4 Responses so far

I am a convert when it comes to telepresence from the day I saw a demo at Cisco about 6 months ago. The interfaces were amazing (but not yet seamless).

Some random thoughts/questions:

Do you really mean HCI? It seems to me that what needs to develop better are Human-to-Human Interfaces (HHI) — it is funny to think about it this way…

For an *average* person, how many miles would be eliminated if we take out all conference and business travel that could be done through telepresence? Another way to ask that question is: of the 30 kWh/d in jet flights, how much is due to travel that could be replaced with telepresence? According to dated statistics from the .com era (https://ntl.custhelp.com/app/answers/detail/a_id/252/~/percentage-of-air-travel-for-business-vs-other-purposes), about 40% of US air travel is for business. If telepresence cuts that in half, then we are talking about a 20% reduction (about 6 kWh/d — more than the energy needed for light).

The impact of the Internet on greening is far more significant if one looks at other current/potential uses. Here I am thinking about the Internet facilitating global-scale commerce and optimizing logistics (think about what Amazon is doing to “shopping”, what VoD is doing to DVD rentals, …)

I like Internetting people, except that I am not a social scientist to pretend that I can make a difference there ;)

I think that transformative Human-to-Human interfaces have to be led and created by technologists; indeed, this is really what a large subset of HCI people actually work on. While social scientists can contribute by vocalizing and evaluating what might work and what might be needed, their role is secondary, and in some ways subservient to, technologists.

Taking about green networking, we just had one session in CCW’11 on the topic and you can find the talk slides at:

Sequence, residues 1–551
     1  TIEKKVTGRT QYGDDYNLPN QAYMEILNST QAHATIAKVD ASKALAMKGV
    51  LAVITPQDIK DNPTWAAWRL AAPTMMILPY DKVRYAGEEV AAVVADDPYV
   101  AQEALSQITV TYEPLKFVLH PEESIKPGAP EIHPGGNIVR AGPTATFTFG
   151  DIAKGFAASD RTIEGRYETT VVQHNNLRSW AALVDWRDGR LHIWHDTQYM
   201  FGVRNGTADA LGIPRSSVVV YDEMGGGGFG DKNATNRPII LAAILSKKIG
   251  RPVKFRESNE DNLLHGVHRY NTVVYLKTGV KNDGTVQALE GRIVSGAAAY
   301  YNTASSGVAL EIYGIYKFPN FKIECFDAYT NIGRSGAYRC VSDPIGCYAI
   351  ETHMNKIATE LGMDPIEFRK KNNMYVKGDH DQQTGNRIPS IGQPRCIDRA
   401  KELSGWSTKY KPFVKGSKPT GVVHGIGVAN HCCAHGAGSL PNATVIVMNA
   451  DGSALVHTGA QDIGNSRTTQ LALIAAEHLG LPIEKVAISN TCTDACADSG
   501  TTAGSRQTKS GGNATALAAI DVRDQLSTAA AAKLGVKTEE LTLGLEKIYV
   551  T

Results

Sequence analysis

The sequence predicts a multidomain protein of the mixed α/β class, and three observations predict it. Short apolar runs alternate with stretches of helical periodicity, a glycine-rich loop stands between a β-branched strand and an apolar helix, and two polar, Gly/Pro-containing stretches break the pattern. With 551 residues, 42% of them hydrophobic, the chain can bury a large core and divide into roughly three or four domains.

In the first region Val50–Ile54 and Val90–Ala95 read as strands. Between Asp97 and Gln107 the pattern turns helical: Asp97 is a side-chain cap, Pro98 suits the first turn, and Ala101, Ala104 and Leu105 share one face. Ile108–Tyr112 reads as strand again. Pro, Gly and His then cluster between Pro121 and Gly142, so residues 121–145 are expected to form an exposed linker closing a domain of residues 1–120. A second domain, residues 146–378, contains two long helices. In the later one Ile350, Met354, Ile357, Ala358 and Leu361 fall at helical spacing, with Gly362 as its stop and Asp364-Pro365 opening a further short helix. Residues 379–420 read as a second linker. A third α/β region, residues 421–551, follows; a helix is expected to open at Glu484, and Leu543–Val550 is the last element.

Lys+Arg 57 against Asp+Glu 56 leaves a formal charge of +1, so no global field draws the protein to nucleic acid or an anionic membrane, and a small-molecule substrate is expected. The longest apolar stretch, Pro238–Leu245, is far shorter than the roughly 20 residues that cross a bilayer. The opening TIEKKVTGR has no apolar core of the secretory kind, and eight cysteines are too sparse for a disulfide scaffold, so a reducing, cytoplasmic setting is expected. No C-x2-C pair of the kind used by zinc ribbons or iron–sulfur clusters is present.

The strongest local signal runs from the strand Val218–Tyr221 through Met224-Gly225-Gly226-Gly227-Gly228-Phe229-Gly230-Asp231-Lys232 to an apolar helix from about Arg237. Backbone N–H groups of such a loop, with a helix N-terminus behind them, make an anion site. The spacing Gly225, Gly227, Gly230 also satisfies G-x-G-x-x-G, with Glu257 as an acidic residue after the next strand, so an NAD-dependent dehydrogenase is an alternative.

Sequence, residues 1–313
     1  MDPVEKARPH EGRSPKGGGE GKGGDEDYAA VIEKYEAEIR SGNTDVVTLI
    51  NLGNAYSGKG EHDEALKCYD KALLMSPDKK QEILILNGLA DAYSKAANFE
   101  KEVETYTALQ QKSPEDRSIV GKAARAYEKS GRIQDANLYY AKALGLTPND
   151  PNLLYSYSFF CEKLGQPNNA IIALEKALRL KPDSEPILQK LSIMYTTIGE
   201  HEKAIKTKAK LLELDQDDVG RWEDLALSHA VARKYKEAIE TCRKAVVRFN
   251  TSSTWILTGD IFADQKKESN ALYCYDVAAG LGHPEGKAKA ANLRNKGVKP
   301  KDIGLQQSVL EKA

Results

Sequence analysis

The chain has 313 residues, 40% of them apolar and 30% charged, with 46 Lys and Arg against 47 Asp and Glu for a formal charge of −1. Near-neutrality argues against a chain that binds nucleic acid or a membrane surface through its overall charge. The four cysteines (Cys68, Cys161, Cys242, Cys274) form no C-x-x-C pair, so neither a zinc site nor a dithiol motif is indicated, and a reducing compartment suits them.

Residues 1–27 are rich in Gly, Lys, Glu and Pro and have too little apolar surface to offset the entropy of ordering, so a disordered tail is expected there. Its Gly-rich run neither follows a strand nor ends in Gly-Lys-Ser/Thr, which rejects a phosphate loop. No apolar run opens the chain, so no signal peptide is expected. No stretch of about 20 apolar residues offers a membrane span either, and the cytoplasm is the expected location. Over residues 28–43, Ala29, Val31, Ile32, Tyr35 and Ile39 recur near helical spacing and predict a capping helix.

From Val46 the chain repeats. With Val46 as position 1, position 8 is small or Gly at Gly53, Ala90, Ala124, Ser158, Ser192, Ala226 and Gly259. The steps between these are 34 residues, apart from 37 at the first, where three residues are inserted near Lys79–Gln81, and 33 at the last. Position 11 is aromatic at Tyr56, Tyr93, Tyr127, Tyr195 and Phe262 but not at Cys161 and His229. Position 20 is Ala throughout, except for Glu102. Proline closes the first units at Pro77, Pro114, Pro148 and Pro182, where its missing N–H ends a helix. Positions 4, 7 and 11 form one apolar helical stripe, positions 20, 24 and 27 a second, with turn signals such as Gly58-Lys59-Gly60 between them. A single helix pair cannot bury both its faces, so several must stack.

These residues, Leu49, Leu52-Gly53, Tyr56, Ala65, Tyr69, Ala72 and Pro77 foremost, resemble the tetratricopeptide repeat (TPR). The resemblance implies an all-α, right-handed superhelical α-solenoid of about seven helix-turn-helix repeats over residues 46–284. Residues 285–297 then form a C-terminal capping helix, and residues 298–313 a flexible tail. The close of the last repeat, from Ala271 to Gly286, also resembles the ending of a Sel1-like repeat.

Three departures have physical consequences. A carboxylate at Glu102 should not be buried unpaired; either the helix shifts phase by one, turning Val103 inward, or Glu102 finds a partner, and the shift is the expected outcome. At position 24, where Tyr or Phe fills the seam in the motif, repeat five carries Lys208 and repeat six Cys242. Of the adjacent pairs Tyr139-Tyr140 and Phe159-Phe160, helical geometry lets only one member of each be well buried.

http://committees.comsoc.org/tccc/ccw/2011/program.html

According to Azer’s calculations, 3% is due to business travel, which can be reduced by telecommuting/telepresence. Studies show that ICT also contributes about 3%. So it looks like it’s worth “greening the network” especially that telepresence will impose more demand on the network as well.

Mark et al.

Glad to see your thoughts and interest on this extremely important topic. As you know, I was fortunate to be able to spend a good deal of time last year exchanging ideas on sustainability with our colleagues at U. Cambridge. Led by Jon Crowcroft, those folks have a broad program on ICT sustainability, which includes topics on energy efficient networks, data centers and most importantly (IMO) on green buildings (this effort is being led by Ian Leslie). The point is that as soon as you being to think about matters of sustainability, it immediately becomes clear that while keeping “our own house in order” is important (ie. making sure that ICT is as low energy as possible), that effort is likely better spent on using computational methods to improve sustainability in other areas.

One of the conclusions that Jon and I came to early on is that simply creating technology that can lead to lower energy use (ie. telepresence) is not enough. There are a huge number of social and cultural issues that will need to be addressed before the promise of technology can be realized. I have no answer to this other than to say, I look forward to being a participant the first virtual SIGCOMM.

Finally, let me leave you with a challenge that I think it very worthy of consideration. There have been many efforts by the NSF and other groups over the past years to develop “new Internet architectures”. With all due respect, I submit that these efforts have not resulted in anything particularly noteworthy or promising in term of solving a big existing problem. However, consider the design implications for a network that has an *energy budget*. When this simple constrain is put in place, I think it suggests a number of VERY interesting possibilities.

PB